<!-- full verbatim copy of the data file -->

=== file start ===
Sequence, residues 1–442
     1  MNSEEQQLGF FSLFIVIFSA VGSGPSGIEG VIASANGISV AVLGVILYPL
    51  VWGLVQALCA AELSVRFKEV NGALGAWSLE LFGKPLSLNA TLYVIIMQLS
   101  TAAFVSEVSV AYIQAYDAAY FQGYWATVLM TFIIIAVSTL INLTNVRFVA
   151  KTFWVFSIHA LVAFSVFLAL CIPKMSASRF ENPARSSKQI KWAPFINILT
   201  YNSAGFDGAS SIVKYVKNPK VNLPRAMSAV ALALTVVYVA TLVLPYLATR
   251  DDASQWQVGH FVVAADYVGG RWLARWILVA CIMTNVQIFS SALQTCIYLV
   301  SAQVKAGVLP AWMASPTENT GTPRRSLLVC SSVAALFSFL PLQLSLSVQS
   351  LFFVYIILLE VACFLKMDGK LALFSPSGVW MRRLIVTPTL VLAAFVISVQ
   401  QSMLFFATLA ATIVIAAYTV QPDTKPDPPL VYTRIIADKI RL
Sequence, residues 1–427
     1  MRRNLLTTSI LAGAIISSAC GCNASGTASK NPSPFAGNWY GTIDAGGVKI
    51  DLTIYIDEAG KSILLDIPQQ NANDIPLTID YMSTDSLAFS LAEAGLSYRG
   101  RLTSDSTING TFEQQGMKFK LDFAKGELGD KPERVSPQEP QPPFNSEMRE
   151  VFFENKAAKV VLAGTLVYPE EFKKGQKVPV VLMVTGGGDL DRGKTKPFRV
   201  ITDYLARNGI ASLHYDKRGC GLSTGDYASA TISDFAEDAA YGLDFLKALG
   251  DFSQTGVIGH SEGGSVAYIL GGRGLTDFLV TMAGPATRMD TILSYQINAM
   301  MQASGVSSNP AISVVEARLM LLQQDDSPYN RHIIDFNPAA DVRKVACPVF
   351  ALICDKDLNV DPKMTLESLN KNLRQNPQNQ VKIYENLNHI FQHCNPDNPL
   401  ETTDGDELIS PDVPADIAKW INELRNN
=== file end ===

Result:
Sequence, residues 1–442
     1  MNSEEQQLGF FSLFIVIFSA VGSGPSGIEG VIASANGISV AVLGVILYPL
    51  VWGLVQALCA AELSVRFKEV NGALGAWSLE LFGKPLSLNA TLYVIIMQLS
   101  TAAFVSEVSV AYIQAYDAAY FQGYWATVLM TFIIIAVSTL INLTNVRFVA
   151  KTFWVFSIHA LVAFSVFLAL CIPKMSASRF ENPARSSKQI KWAPFINILT
   201  YNSAGFDGAS SIVKYVKNPK VNLPRAMSAV ALALTVVYVA TLVLPYLATR
   251  DDASQWQVGH FVVAADYVGG RWLARWILVA CIMTNVQIFS SALQTCIYLV
   301  SAQVKAGVLP AWMASPTENT GTPRRSLLVC SSVAALFSFL PLQLSLSVQS
   351  LFFVYIILLE VACFLKMDGK LALFSPSGVW MRRLIVTPTL VLAAFVISVQ
   401  QSMLFFATLA ATIVIAAYTV QPDTKPDPPL VYTRIIADKI RL
Sequence, residues 1–427
     1  MRRNLLTTSI LAGAIISSAC GCNASGTASK NPSPFAGNWY GTIDAGGVKI
    51  DLTIYIDEAG KSILLDIPQQ NANDIPLTID YMSTDSLAFS LAEAGLSYRG
   101  RLTSDSTING TFEQQGMKFK LDFAKGELGD KPERVSPQEP QPPFNSEMRE
   151  VFFENKAAKV VLAGTLVYPE EFKKGQKVPV VLMVTGGGDL DRGKTKPFRV
   201  ITDYLARNGI ASLHYDKRGC GLSTGDYASA TISDFAEDAA YGLDFLKALG
   251  DFSQTGVIGH SEGGSVAYIL GGRGLTDFLV TMAGPATRMD TILSYQINAM
   301  MQASGVSSNP AISVVEARLM LLQQDDSPYN RHIIDFNPAA DVRKVACPVF
   351  ALICDKDLNV DPKMTLESLN KNLRQNPQNQ VKIYENLNHI FQHCNPDNPL
   401  ETTDGDELIS PDVPADIAKW INELRNN